This post has a list of protein sources for any type of diet!
Whether you’re looking for sources of protein for vegetarians, vegans, or meat-eaters… You’ve come to the right place!
Personally, as a newer vegetarian, I’ve had to really take the time to scope out all of the protein options available for me. And I’ve learned that SO many more foods contain more protein than we realize!
So, whether you’re simply wanting to up your protein intake or you’re looking to cut out meat while keeping your protein levels high, this post has you covered. I’m even including the grams of protein per calories with each item in the list!
I hope you enjoy this list of protein sources!
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Best List of Protein Sources
In this list of protein sources, I’m going to start with the sources that anyone can eat (including people who eat meat), and then I’m going to narrow it down to sources of protein for vegetarians, and sources of protein that are vegan-friendly!
Note: The meat-eater could (obviously) eat any of the foods on this entire list…
And the vegetarian could eat anything from the “Non-Meat Protein Sources” down!
Healthy Meat Protein Sources
- Grilled chicken (buy antibiotic and hormone free) (46.1 g. for 246 cal.)
- Lean ground beef (buy grass fed) (28 g. for 230 cal.)
- Fresh sliced deli turkey (13 g. for 76 cal.)
- Fish and seafood (buy wild caught — protein varies)
*Always try and avoid farm-raised meats or meats that do not say they’re antibiotic and hormone free.
*Always try and buy organic meats when possible.
Non-Meat Protein Sources
Post workout protein powder (20 g. for 100 cal.)
Meal replacement protein powder (24 g. for 140 cal.)
- Seitan (42 g. for 208 cal.)
- Tempeh (31 g. for 320 cal.)
- Tofu (33.8 g. for 378 cal.)
- Edamame (17 g. for 189 cal.)
Beans and peas:
- Lentils (15.6 g. for 200 cal.)
- Split peas (14.1 g. for 200 cal.)
- Large white beans (14 g. for 200 cal.)
- Borlotti beans (13.7 g. for 200 cal.)
- Kidney beans (13.7 g. for 200 cal.)
- Lima beans (13.6 g. for 200 cal.)
- Black beans (13.4 g. for 200 cal.)
- Pinto beans (12.6 g. for 200 cal.)
- Navy beans (11.8 g. for 200 cal.)
- Peanuts (7.31 g. for 161 cal.)
- Almonds (6 g. for 164 cal.)
- Pistachios (5.72 g. for 159 cal.)
- Cashews (5.1 g. for 157 cal.)
- Hazelnuts (4.24 g. for 178 cal.)
- Walnuts (4.32 g. for 185 cal.)
- Brazil nuts (4.06 g. for 187 cal.)
- Pine nuts (3.88 g. for 191 cal.)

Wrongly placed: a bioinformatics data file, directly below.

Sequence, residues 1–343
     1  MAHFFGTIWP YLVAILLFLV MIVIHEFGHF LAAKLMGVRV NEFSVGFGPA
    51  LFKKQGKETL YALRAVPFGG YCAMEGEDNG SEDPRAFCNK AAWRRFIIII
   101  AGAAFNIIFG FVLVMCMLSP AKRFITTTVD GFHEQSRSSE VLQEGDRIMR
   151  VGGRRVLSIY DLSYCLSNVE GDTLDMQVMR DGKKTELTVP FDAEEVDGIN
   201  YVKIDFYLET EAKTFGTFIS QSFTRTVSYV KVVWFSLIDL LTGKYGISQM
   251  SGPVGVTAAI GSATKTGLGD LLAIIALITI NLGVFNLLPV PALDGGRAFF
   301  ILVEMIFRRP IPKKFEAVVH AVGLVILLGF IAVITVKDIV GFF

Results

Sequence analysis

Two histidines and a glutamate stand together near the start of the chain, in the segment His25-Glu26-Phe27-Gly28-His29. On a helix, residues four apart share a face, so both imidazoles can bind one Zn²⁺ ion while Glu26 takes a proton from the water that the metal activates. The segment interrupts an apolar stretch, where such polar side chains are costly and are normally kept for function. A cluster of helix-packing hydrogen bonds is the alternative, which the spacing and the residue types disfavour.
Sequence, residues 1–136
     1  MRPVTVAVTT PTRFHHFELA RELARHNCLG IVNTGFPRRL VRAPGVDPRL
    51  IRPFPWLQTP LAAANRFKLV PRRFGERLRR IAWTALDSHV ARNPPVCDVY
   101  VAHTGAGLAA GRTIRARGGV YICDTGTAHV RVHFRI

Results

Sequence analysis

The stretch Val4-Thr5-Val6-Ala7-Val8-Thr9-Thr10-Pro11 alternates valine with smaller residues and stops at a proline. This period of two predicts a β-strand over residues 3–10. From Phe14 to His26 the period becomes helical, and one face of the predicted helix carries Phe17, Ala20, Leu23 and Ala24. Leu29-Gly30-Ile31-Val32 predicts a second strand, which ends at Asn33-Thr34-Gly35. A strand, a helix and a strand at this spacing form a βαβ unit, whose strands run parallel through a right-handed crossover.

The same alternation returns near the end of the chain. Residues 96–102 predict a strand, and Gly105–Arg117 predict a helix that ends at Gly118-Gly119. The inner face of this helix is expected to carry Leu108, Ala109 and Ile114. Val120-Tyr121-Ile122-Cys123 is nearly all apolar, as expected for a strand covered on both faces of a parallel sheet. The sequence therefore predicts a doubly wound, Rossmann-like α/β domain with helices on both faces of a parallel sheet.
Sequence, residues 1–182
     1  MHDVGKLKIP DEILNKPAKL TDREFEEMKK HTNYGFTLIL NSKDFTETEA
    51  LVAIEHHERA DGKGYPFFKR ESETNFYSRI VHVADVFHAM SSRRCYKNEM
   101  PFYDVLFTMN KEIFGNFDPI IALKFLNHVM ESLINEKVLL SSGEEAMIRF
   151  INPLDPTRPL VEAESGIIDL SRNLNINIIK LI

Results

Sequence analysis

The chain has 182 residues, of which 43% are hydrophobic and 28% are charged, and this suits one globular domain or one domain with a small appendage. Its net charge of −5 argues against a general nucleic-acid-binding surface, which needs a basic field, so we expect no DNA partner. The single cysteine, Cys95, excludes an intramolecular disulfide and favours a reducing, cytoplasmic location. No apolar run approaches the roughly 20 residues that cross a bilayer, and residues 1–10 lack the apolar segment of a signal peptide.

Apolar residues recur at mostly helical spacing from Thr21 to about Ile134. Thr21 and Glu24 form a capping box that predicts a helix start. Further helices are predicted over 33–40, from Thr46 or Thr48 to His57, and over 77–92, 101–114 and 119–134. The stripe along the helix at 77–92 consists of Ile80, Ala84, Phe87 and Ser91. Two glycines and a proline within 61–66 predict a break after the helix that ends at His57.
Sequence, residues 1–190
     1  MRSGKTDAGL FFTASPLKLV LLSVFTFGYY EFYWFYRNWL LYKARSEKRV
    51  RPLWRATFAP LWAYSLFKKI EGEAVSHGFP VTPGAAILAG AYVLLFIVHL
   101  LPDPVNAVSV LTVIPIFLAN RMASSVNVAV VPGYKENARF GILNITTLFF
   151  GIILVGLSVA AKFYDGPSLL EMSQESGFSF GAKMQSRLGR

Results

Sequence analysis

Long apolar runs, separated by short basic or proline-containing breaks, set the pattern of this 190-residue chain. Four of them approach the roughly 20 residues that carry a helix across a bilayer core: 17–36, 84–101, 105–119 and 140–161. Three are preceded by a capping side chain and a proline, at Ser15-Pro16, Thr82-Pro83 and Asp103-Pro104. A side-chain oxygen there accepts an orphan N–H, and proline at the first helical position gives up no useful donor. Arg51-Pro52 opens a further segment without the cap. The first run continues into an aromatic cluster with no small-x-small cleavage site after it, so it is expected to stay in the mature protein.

- Pecans (2.6 g. for 196 cal.)
- Pumpkin seeds (9.2 g. for 146 cal.)
- Hemp seeds (6.3 g. for 110 cal.)
- Flax seeds (5.1 g. for 150 cal.)
- Sunflower seeds (5.4 g. for 163 cal.)
- Sesame seeds (4.7 g. for 158 cal.)
- Chia seeds (4.4 g. for 137 cal.)
Quinoa (6 g. for 160 cal.)
Protein bars (21 g. for 270 cal.)
Peanut butter (I eat this 100% peanuts peanut butter daily! — 8 g. for 180 cal.)
Cheese (cheeses vary, obviously! And there are way too many for me to list. 😂 But most cheeses have quite a bit of protein!)
Cottage cheese (11 g. for 84 cal.)
Milk (milks will vary depending on what % you get.)
Yogurt (my absolute FAVORITE is Oikos Triple Zero because it has zero sugar and 15 g. protein! for around 100 calories or so.)
Eggs (6.3 g for 77 cal.)
Egg whites (3.6 g. for 17 cal.)
High protein granola (thank me later for trying this one!!!🤪)
Vegan Protein Sources
Nutritional Yeast (this is the perfect high-protein cheese alternative! — 3 g. for 20 cal.)
Vegan protein bars (15 g. for 270 cal.)
All Your Protein Questions Answered
How can I eat a lot of protein?
#1 TIP: Have a protein source at every single meal. For example, as a vegetarian, I have yogurt at breakfast, either eggs or beans at lunch, and typically a soy product at dinner. (Plus my protein powder post-workout and before bed in my protein pudding.)
The second biggest tip is to utilize protein powder, especially right after your workouts. (This is the most crucial time to get protein into those muscles for repairing and building them!)
And third, use a food scale to measure out your servings and make sure you are hitting your daily protein goal!
What vegetables are high in protein?
Some of the highest protein veggies include broccoli, spinach, sweet potatoes, asparagus, potatoes, artichokes, and Brussels sprouts.
What snacks are high in protein?
Peanut butter with banana is my go-to snack to get some easy protein (and carbs) in and it’s SUPER tasty…. I literally look forward to it every morning!
Here is a list of some of the best healthy snacks and many of them are super high in protein!
Is rice high in protein?
Rice does have some protein. But no, rice is not considered a high protein food source. Rice is primarily a carbohydrate. You can, however, switch your rice for quinoa for an added boost of protein with a similar texture and taste!
Please comment below if you have any questions! You can also message me on Instagram and I’m happy to chat with you!